relevant in Tasmania, Victoria and NSW.  This is more or less a complete
PITA (find relevant meetup group, copy & paste message to organiser
asking them to pass on your message to the group, hope you don't hit too
many to reach a spam limit, ...)

* I also emailed the CFP a dozen or so contacts in various states, who
hopefully passed it on to relevant local groups (wordpress and drupal
groups, hackerspaces, LUGs, etc.)

* One person queried "Do I have to be a developer to attend?"  Of course
not!  But it is right there in the name, so, something to watch out for
or clarify in future.

== Ticket Sales ==

* A rollercoaster where you never know what is going to happen until it
happens (although the graph was vaguely the same shape as in 2014 - a
spike at early bird, then nothing, then random ups and downs, then a
minor flurry at the end).

* We kept a *really* close eye on this, and ensured the conference venue
and dinner venue were up to date with projected numbers as the weeks
went by.  This actually worked well - watch it like a hawk, keep
everyone informed, update the budget spreadsheet daily, and there'll be
no surprises.

* We rounded up to the nearest ~10, which meant we weren't short of
food, and were able to accommodate one or two late people gratis (a
volunteer, an attendee's partner), without being stretched.  At the same
time, this didn't detrimentally affect the budget.

* Final numbers were about 80 for the conference proper (including
speakers) and ~85 for the dinner (a few +1s).  Yup, it was a small
conference, but more on that later.  I will note here that about half
the attendees attended gratis due to being speakers or volunteers.  We
did finish in the black, but it would have been a lot blacker if we'd
had even only another 20 paying attendees.

== Videos ==

* We only managed to get enough sponsorship to cover video production at
the last minute (about a month out).

* I'd been in touch with Ryan Verner earlier about the possibility of
doing video, so thankfully he was able to get the time to make it
happen, even on relatively late notice.

* Morgan and I both see video as significantly important; they leave a
legacy for future conferences, and provide value for those who could not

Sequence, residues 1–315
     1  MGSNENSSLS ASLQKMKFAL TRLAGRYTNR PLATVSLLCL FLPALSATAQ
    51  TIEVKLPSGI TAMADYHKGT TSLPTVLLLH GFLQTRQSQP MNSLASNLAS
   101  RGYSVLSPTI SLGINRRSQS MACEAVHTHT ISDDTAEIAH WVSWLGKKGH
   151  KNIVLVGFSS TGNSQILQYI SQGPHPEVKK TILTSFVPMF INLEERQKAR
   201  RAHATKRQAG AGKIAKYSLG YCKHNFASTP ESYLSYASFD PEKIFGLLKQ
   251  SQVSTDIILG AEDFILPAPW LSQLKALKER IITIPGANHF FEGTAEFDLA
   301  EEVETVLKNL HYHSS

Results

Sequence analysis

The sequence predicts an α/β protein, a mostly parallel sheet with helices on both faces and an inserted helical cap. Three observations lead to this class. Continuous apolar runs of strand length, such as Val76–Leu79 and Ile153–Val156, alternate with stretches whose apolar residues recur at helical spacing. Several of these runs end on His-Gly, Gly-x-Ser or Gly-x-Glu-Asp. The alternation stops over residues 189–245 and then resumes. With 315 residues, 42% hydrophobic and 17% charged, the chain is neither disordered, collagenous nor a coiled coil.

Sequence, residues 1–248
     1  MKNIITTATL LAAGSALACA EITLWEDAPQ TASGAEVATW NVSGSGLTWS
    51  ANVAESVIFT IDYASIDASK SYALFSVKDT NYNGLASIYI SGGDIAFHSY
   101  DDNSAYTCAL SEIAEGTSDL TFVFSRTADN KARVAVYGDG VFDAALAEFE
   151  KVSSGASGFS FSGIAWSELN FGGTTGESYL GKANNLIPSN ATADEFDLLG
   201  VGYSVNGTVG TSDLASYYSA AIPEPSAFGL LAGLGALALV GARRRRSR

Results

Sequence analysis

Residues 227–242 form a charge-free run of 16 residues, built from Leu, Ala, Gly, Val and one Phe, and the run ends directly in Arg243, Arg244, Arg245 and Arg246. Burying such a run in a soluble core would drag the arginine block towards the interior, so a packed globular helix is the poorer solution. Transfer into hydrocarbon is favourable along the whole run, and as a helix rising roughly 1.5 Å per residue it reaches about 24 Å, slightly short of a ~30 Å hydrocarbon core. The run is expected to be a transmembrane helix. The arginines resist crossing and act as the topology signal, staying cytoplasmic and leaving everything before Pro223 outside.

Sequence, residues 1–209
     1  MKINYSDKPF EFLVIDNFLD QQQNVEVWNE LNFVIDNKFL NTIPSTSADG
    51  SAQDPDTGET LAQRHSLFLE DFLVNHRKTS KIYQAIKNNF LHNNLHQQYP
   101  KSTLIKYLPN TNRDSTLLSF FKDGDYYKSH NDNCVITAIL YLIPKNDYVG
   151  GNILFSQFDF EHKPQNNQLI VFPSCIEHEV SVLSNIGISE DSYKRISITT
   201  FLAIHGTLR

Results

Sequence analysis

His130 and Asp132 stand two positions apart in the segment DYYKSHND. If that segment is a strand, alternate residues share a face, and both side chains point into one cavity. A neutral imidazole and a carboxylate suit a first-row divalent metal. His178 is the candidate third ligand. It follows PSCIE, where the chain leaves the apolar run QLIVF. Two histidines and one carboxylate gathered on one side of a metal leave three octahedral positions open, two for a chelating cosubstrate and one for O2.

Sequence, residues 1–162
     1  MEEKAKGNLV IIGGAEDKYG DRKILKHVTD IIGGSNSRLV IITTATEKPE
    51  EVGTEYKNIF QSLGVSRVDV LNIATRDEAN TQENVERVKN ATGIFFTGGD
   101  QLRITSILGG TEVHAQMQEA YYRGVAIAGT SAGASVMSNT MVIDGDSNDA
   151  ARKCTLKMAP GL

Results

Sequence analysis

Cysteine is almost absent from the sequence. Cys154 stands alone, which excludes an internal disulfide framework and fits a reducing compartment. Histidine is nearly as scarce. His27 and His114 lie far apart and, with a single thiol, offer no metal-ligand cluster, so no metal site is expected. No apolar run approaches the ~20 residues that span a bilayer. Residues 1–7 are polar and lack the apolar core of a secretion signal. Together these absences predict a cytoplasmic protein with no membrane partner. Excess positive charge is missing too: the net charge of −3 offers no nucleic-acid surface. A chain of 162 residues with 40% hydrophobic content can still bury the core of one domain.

attend (and also a perk for sponsors whose logos appear).

== Fundraising ==

* As other LA conferences have done, we did some fundraising for a worthy
cause, in this case for the Refugee Legal Service (Tas).  Morgan
spruiked this with great passion, and we were able to raise a total of
$2,890.80 thanks to the conference delegates, including two
significantly large donors.

== Media Coverage ==

* Due to some miracle, I was contacted by a journalist from The Advocate
(a paper in NW Tas) who wanted to do a story on the conference.  She
interviewed myself and Richard Tubb (one of our keynotes, also a
Tasmanian) by phone during the conference, Morgan took a photo for her,
and we wound up in the paper:


For the record, I *did* say the "tech mecca" thing, but never mentioned
Silicon Valley.  I have a copy of the paper here, so if anyone wants a
better photo than that tweet, let me know.

== Next Time ==

* The conference would benefit from a dedicated social media person to run
Twitter, Facebook (plus anything else that makes sense), and also to
keep the News page up to date on the web site.

* Two or three more volunteers (room monitor + AV) would have been
ideal.  We were slightly but not fatally stretched.

* I was worried given we had three streams and ~80 attendees that some
poor speaker would wind up speaking to an empty room.  This did not
happen.  The smallest we got was one tutorial with two attendees, but
they turned out to be really keen, and everyone had a good experience.

== Random Comments From Attendees ==

"This is really...  Peaceful...  It's nice!"

"The talks are really high quality"

"Great food!"

== A Smaller Conference Can Be Good ==

We went in hoping for a couple of hundred people.  The original quote
from the venue was for 150, with the ability to move either up or down